Summer 1997 Kelley and I traveled to Ireland for five weeks. Our honeymoon in 1989 had been two weeks in London and Edinburgh. This was our first trip to Ireland.
Either Let’s Go, Lonely Planet or Rough Guide had a statement that if you wanted to see old Ireland, then go to County Donegal.
After a couple of days visiting Dublin we headed north to County Donegal.
Horses were a big part of our Ireland trips. Kelley always approached Travellers, the Irish gypsies we saw in some towns with their wagon near a church or some public grounds where they would park for days and weeks. Kelley always made a point to stop and talk to the Travellers and visit with their horses.
Shelter from the Storm in the Kilclooney dolmen. One of our most intense Irish moments that both of us remember as a couple experience occurred June 30, 2007. We had already been in County Donegal a couple of weeks. We had hiked to this dolmen, a megalithic tomb from 3,500 B.C. While standing around the dolmen the weather went rapidly downhill into a downpour. Kelley and I felt the coldest summer day of our lives hiking across the boggy fields in the hills over Gweebarra Bay, County Donegal outside Narin and Portnoo. We sheltered beneath the dolmen rocks for an hour talking, shouting over the thunderous sound of rainfall.
The balancing act of Kilclooney dolmen.
On the walk back to town in brilliant sun a puppy found us and tagged along for several miles. There was no immediate house nearby for us to trace the pup back to its home.
A car stopped on the narrow road cutting through the green grassy hills over Gweebarra Bay. An American family with a girl about ten years old in the backseat wanted to know if we could point out the island of Roaninish. We were walking with a dog, so they probably thought we were locals.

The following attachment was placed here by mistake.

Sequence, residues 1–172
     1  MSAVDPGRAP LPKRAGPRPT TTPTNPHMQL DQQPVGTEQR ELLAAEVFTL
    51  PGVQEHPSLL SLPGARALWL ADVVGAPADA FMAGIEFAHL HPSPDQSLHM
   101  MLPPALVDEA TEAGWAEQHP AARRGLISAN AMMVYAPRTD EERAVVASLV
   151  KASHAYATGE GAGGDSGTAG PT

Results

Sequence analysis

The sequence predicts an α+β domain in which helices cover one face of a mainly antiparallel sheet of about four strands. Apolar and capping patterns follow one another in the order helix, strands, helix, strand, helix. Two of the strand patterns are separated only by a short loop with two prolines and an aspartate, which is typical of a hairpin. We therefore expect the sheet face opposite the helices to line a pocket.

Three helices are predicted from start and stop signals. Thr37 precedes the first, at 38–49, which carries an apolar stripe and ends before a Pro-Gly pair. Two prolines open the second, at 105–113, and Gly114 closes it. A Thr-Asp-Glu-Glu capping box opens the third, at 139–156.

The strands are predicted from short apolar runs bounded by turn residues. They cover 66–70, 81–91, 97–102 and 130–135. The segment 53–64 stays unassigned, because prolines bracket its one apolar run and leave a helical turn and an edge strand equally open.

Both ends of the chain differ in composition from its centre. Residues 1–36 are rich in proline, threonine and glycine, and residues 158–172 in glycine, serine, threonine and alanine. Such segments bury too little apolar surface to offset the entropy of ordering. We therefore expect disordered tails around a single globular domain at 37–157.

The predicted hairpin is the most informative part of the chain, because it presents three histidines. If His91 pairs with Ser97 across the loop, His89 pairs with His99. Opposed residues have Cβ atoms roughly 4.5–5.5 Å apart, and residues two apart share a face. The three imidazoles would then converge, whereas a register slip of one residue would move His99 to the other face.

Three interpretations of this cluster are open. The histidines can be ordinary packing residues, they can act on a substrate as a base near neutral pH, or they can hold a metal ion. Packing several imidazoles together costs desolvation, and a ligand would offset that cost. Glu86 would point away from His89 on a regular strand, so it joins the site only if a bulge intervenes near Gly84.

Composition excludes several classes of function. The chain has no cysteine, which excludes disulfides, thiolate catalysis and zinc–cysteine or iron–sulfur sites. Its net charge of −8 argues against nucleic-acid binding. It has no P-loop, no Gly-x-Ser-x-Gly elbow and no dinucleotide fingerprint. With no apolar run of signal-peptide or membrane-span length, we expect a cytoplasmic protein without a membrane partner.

Actually I could point out Roaninish, even though I had only been around Gweebarra Bay two days.
Google Maps of Roaninish and County Donegal.
Their interest stemmed from the 1994 John Sayles movie ‘The Secret of Roan Inish” that still holds high ratings in movie reviews. The movie is a fantasy film about a 10-year old Irish girl who moves to a small fishing village in County Donegal and learns about the Selkies, seals who can change into humans.
Aside from the Kilclooney Dolmen, the photos in this piece are Ireland, but not necessarily County Donegal. 1997-98 were several years before I had a digital camera and these are random photos from my Ireland trips.
The summer of 1997 we traveled County Donegal and across Northern Ireland. In summer 1998 we toured County Cork and Kerry from Kinsale to the Dingle Peninsula.
I walked a couple hundred miles each of the two summers we toured Ireland.
The world is vast. I have not been back to Ireland since 1998.
But I have always felt my two summers in Ireland made me a little bit Irish.
Ric Garrido of Monterey, California is writer and owner of Loyalty Traveler.
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